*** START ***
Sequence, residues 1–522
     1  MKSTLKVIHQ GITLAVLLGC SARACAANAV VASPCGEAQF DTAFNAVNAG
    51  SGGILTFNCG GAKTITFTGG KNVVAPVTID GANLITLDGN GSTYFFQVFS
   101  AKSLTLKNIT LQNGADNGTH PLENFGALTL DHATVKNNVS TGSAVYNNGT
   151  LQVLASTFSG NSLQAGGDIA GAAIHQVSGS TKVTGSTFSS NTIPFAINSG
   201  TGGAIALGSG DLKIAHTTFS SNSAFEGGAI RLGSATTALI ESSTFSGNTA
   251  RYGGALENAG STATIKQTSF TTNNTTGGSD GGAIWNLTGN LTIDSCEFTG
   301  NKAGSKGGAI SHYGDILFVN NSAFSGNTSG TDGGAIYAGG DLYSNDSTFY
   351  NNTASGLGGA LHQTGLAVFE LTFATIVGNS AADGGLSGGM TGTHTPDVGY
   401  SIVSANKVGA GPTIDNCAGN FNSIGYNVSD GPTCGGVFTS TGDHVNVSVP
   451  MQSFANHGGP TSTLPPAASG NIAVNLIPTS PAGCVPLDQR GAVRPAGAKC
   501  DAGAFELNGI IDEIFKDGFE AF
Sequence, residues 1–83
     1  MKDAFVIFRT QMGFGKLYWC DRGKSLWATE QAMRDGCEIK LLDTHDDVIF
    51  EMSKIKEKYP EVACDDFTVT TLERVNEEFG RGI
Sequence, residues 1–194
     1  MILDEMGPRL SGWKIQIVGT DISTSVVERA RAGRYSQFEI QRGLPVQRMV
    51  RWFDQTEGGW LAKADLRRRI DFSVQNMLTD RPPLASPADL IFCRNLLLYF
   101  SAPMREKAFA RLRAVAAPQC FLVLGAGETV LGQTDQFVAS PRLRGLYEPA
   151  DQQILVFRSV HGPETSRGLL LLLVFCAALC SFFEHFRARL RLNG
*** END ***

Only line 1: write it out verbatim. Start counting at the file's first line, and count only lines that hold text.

Sequence, residues 1–522